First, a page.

Black women have a higher risk of developing a certain type of breast cancer, one that is more aggressive and less amenable to targeted therapies such as anti-estrogen drugs (tamoxifen, aromatase inhibitors) and monoclonal antibodies like Herceptin. While the cause of this unfortunate epidemiologic disparity remains unclear, researchers have identified two risk factors that ought to be of interest to black women and the public health officials who help oversee their care.
First, some background information:
For white women, having several children at a young age protects against breast cancer, particularly if the pregnancies are completed before the age of twenty. Also, for white women, breast-feeding lowers the risk for breast cancer, but only very slightly.
Online dating has not only shed its stigma, it has surpassed all forms of matchmaking in the United States other than meeting through friends, according to a new analysis of research on the burgeoning relationship industry.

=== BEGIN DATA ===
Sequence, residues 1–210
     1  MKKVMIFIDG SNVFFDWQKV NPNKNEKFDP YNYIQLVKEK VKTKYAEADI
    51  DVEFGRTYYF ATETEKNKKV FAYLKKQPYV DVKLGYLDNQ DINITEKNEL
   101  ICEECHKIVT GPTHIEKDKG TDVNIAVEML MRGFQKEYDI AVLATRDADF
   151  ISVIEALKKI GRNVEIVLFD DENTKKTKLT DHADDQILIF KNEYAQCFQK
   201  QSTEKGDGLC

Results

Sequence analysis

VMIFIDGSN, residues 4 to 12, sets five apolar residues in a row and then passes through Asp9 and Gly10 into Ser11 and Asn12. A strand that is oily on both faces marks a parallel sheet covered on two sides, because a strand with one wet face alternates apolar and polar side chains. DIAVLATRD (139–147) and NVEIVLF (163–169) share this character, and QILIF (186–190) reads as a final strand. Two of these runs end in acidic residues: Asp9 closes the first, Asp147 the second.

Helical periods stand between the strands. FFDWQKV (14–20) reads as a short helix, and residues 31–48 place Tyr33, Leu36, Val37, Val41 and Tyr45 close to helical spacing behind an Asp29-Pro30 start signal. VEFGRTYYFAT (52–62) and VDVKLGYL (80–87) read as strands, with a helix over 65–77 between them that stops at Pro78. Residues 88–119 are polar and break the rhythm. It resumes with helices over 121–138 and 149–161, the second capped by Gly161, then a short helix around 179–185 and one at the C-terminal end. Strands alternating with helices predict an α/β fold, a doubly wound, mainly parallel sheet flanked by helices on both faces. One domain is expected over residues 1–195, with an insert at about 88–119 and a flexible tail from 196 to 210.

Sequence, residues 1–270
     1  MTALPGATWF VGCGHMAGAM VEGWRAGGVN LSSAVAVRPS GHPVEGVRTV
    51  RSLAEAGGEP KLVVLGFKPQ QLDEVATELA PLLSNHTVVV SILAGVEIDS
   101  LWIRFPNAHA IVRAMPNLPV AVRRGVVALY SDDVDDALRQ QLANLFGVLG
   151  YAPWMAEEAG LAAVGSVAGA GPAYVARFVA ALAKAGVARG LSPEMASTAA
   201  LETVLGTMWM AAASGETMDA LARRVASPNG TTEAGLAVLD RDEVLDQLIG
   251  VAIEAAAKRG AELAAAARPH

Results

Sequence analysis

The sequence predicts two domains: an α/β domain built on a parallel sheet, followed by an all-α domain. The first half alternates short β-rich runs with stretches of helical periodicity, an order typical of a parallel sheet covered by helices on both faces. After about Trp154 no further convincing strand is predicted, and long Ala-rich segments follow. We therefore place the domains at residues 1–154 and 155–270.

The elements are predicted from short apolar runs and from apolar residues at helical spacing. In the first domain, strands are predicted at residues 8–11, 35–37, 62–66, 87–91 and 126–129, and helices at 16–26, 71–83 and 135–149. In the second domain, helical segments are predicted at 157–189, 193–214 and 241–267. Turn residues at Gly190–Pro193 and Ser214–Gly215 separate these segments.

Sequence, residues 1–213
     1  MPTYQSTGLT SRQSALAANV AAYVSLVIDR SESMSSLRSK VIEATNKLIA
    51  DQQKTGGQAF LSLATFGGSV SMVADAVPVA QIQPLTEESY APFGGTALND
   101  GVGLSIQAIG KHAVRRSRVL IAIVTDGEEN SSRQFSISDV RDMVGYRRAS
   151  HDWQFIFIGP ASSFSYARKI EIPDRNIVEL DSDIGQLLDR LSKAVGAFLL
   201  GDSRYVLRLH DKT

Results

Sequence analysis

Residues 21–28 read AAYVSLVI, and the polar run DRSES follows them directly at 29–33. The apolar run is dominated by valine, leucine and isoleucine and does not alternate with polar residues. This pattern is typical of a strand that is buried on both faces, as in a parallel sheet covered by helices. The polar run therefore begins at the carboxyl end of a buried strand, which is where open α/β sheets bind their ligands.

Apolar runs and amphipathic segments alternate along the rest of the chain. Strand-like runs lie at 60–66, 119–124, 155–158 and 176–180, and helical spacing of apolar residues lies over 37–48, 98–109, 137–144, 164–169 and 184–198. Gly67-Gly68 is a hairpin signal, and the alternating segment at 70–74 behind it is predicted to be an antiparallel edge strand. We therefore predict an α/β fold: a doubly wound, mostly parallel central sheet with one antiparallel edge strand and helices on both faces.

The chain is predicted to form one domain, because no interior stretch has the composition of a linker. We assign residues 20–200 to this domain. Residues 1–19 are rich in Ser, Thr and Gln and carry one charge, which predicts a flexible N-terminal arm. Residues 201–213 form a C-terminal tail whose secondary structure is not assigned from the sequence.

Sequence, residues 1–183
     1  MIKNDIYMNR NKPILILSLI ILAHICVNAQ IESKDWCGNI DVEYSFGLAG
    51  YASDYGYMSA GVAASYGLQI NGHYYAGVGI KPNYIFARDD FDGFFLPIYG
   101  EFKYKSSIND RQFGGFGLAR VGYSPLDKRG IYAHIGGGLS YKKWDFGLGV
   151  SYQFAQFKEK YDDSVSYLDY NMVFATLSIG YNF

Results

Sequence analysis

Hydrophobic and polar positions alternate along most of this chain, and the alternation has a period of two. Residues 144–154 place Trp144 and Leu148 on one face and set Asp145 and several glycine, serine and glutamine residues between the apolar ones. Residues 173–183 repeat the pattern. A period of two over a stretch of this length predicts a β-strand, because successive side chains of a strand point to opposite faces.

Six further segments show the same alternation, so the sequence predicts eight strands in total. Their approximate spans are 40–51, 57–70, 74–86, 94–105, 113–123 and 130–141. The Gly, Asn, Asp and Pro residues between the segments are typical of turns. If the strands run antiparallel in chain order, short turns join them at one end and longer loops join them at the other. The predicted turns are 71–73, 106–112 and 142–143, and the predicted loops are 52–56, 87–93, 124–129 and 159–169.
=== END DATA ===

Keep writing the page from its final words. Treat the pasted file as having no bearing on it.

The digital revolution in romance is a boon to lonely-hearters, providing greater and more convenient access to potential partners, reports the team of psychological scientists who prepared the review. But the industry’s claims to offering a “science-based” approach with sophisticated algorithm-based matching have not been substantiated by independent researchers and, therefore, “should be given little credence,” they conclude.
“Online dating is definitely a new and much needed twist on relationships,” says Harry Reis, one of the five co-authors of the study and professor of psychology at the University of Rochester. Behavioral economics has shown that the dating market for singles in Western society is grossly inefficient, especially once individuals exit high school or college, he explains. “The Internet holds great promise for helping adults form healthy and supportive romantic partnerships, and those relationships are one of the best predictors of emotional and physical health,” says Reis.